These Young Men are Too FLYE to Follow

These Young Men are Too FLYE to Follow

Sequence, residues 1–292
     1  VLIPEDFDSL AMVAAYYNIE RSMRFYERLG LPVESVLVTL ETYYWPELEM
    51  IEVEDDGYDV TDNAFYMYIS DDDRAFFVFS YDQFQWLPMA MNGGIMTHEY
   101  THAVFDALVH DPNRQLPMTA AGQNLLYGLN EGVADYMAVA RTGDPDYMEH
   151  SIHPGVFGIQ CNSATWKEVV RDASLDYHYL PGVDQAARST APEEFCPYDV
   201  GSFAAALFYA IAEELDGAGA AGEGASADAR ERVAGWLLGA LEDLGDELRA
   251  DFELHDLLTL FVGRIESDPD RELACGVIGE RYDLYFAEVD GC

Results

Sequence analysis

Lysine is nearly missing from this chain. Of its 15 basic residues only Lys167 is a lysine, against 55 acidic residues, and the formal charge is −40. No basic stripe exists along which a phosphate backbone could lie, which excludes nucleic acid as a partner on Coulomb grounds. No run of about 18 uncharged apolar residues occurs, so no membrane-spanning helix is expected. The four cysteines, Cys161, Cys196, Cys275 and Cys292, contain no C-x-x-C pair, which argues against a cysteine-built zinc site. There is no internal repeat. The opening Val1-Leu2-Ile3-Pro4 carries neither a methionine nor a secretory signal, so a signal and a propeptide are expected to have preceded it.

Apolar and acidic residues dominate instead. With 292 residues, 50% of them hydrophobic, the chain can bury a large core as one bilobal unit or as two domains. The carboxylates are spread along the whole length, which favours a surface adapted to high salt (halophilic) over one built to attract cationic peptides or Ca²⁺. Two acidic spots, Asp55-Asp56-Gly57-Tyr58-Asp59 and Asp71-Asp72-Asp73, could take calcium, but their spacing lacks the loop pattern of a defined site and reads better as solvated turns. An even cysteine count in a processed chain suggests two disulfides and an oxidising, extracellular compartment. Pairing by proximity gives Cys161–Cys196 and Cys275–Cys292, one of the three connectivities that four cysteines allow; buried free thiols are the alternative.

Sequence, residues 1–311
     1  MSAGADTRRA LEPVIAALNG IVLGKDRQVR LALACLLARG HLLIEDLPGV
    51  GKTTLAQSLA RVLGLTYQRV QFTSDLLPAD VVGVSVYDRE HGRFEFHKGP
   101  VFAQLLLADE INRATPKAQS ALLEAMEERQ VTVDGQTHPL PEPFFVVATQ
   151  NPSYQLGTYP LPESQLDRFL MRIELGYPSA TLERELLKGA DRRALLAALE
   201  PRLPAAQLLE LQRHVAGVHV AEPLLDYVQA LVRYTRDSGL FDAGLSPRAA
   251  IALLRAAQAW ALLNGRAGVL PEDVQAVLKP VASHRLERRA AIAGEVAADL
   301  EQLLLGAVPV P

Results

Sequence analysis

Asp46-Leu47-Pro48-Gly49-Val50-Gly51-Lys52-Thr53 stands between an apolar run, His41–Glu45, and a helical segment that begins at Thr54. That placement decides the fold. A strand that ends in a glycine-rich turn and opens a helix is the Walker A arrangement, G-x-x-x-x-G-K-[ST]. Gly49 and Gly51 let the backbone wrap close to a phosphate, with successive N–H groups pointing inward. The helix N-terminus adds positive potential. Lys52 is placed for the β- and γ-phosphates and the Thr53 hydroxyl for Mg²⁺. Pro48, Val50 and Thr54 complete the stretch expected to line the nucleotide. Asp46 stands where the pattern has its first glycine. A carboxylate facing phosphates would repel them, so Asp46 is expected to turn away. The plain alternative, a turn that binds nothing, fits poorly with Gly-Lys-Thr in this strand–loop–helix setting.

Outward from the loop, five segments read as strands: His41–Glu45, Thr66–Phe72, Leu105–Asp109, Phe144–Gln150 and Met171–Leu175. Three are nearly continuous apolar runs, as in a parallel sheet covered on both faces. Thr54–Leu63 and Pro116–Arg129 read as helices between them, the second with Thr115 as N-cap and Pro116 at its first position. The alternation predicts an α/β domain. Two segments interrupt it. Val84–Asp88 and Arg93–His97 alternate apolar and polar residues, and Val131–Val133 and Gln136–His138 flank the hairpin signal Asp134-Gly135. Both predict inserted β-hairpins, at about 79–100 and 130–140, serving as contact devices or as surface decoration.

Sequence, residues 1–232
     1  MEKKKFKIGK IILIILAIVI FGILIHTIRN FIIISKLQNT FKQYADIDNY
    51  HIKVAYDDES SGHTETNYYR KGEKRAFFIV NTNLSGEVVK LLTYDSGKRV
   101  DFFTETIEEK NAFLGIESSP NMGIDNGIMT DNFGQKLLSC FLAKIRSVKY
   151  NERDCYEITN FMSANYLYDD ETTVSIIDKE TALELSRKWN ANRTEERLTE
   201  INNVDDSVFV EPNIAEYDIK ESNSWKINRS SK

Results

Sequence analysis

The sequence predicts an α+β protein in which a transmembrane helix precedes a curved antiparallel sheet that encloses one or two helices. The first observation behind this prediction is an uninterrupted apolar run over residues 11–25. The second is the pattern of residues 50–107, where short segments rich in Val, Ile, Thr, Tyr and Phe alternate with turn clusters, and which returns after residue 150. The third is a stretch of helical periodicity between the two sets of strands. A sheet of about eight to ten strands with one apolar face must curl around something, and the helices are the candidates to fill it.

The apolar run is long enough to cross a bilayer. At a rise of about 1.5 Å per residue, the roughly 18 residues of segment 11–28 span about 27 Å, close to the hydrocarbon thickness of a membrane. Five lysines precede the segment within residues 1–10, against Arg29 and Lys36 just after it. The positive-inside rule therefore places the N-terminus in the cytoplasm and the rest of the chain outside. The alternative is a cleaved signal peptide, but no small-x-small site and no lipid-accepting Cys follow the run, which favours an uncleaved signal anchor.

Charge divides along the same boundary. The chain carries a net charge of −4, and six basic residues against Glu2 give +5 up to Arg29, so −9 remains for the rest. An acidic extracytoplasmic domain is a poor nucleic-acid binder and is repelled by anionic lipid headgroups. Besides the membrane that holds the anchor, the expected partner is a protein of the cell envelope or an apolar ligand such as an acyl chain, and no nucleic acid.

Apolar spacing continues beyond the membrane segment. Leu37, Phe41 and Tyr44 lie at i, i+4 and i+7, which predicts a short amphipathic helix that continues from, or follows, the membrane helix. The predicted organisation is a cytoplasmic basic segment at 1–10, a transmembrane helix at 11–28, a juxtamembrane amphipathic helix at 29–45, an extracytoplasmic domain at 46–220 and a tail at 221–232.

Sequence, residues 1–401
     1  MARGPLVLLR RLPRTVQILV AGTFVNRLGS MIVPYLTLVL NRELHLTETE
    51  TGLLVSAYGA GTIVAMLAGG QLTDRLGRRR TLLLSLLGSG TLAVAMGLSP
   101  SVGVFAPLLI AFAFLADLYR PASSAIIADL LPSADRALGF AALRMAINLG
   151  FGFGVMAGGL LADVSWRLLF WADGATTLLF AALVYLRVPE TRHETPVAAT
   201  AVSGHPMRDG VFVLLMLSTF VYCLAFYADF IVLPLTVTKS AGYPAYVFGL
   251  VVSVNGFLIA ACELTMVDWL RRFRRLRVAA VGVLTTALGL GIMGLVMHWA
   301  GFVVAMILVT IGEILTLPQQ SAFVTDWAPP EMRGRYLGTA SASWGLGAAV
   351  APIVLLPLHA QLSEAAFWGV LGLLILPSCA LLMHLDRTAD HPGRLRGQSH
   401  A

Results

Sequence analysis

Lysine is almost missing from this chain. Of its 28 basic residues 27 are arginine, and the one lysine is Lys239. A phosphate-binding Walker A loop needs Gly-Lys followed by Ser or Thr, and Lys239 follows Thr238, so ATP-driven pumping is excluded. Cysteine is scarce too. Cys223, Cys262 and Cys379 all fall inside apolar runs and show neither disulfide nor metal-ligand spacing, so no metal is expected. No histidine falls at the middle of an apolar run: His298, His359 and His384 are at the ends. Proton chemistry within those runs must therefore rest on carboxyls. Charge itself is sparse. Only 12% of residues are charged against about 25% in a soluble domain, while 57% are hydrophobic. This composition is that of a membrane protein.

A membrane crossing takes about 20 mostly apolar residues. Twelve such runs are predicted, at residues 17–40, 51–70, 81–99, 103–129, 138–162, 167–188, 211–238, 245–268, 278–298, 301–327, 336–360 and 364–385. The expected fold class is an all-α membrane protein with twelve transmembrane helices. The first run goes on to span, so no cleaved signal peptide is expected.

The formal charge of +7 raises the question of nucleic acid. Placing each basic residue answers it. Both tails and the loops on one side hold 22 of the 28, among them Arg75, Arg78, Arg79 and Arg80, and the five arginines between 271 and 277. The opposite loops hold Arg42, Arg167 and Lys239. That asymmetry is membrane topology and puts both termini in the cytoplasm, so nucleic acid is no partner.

first_imgMembers of the Future Leaders and Young Entrepreneurs organization at Roosevelt High School in Prince George’s County, Md. (Photo Courtesy of FLYE Inc.)High school athleticism is a yearlong experience. During game season, student athletes practice vigorously for competition after school and on weekends. During summer months, players train and condition for next season. A time consuming commitment, sports becomes life.“When you initially meet these kids, 90 percent of them all have aspirations of going to the NFL, however studies show that 0.08 percent of high school athletes actually make it,” Sam Sesay, cofounder of Future Leaders and Young Entrepreneurs (FLYE) Inc. told the AFRO.FLYE works with the Raiders Varsity Football Team at Eleanor Roosevelt High School in Prince George’s County, Maryland. The organization was conceived in September 2013 by Sesay and Cortni Grange, both Roosevelt alumni and former athletes who are passionate about youth development. The duo created the organization to show minority males alternative avenues to success outside of professions popularized by cultural norms.“We want to teach them life outside of football and to create life skills that are going to help them for the rest of their lives,” says Sesay, who received his master’s degree in entrepreneurship from Southern Methodist University in Dallas, Texas and B.S. from George Mason University on a full track scholarship.Each week, participants engage in interactive sessions led by former athletes who share experiences transitioning from sports to careers in education, medicine, law, government, business and more.Additionally, programming is segmented to focus on a range of topics. The FLYE Gentleman program teaches participants how to treat women respectfully and how to make better decisions; Too FLYE to Follow teaches participants the importance of leadership and FLYE Entrepreneurship teaches core business skills culminating in a pitch competition.Participants also gain access to significant perks. In April 2015, they were invited to attend a White House roundtable discussion with representatives from A&E Television, the Washington Wizards, and the Washington Nationals where adult mentors discussed leadership, decision-making, the importance of school and goal-setting, among other topics. In May 2015, Washington Wizards All-Star Guard John Wall and designer clothing company Sean John outfitted four of FLYE seniors with tuxedos for prom.In the wake an outcry in the Black community for respect of Black bodies, many young Black males are left in the dark for guidance on how to conduct and value themselves. “There needs to be positive reinforcement shown to them that you can make it despite all the bad things that are happening,” says Sesay. “There are successful black men who are doing great things in this world and [youth] can pattern themselves after these guys and not really have to pay attention to what the news is showing.”Moving forward, Sesay hopes the organization can provide a light for more young men throughout the D.C. metro region. “There are just so many more kids who can experience the different things that the guys at Eleanor Roosevelt are experiencing,” he says.For more information on FLYE visit www.flye.org.last_img

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